Fuels

Development of High-performance Hydrodesulfurization Catalysts for Diesel Production

Sulfur-Free Diesel

The nitrogenous compounds (NOX) and particulate matter in diesel engine exhaust are a source of environmental pollution. Cars and trucks are therefore equipped with devices that clean up the exhaust gas by removing these harmful substances. But because these devices are damaged by sulfur, the amount of sulfur allowed in automotive diesel fuel is strictly regulated.
In Japan, a law enacted in 2007 limits the sulfur content of diesel to 10 ppm or less. Fuels that meet this standard are referred to as sulfur-free diesel.

Manufacturing Technology for Sulfur-Free Diesel

Fig. 1 - Removal of sulfur by hydrodesulfurization reaction

The main component of sulfur-free diesel is straight-run gas oil, which typically has a boiling point between 260°C and 360°C and is separated from crude oil by distillation. This straight-run gas oil will contain 1–2% sulfur. In order to reduce the sulfur content to 10 ppm or less, at refineries, the gas oil is combined with hydrogen in the presence of a catalyst in a reaction that takes place under high pressure (hydrodesulfurization, see Fig. 1). This process of hydrodesulfurization is performed not only for diesel but for many other fuels as well.

Difficulty of Diesel Desulfurization

Fig. 2 - Structure and desulfurization reactivity of dibenzothiophene derivatives

Sulfur is found in organic sulfur compounds with a variety of molecular structures. Dibenzothiophenes are typical of the sulfur compounds found in diesel. Some of these compounds can be very difficult to desulfurize, depending on their structure. Of the dibenzothiophene derivatives shown in Fig. 2, those with substituents in the 4- and 6- positions are most resistant to reaction. But in order to meet the definition of sulfur-free, these sulfur compounds must also be removed.

Higher Performance Desulfurization Catalysts Needed

In addition, crude diesel contains nitrogen and aromatic compounds that can also deactivate the catalyst, in concentrations that vary depending on the feedstock. To enable use of a greater variety of crude oils, high-performance desulfurization catalysts are needed now.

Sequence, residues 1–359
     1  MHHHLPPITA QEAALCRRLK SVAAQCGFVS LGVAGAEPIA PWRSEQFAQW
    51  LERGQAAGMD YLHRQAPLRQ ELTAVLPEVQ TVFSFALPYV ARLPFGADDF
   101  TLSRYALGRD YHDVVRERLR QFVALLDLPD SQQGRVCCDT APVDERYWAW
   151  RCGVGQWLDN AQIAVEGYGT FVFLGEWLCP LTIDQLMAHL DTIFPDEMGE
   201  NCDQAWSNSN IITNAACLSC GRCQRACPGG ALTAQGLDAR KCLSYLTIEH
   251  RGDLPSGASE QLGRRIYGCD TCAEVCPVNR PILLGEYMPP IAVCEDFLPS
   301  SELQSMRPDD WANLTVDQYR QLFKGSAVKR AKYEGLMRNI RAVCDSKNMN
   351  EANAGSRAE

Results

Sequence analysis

Points for Catalyst Development

The active species of most desulfurization catalysts is molybdenum sulfide (MoS2). The MoS2 is supported in a highly dispersed state on a carrier having a high surface area, such as alumina. Molybdenum sulfide has a layered structure, in which a plane of molybdenum atoms (Mo) is sandwiched between planes of sulfur atoms (S). We can see the molybdenum layers in a sulfurized catalyst using a transmission electron microscope (Photo 1). Increasing the number of active sites on the carrier is considered crucial to improving desulfurization activity. Also, because the catalyst will be used for prolonged periods after being loaded into the reactor, it is important that the catalyst have not only high activity but stable activity.

Photo 1 - Desulfurization catalyst as seen with a transmission electron microscope

Catalyst Development and Introduction to Refineries

Our researchers discovered a special microparticulation process that brings down the size of the molybdenum sulfide particles to 10 nm or smaller and results in formation of a higher number of active sites, allowing us to successfully increase catalytic activity.
We have had success at practical application of many desulfurization catalysts. One particular desulfurization catalyst, put into use in 2011, has earned the company recognition for its contribution toward increasing productivity in sulfur-free diesel production. The technology related to development of this catalyst received the Japan Petroleum Institute Award for Technological Progress in FY2014 and the Catalysis Society of Japan Award for Technology in FY2016.

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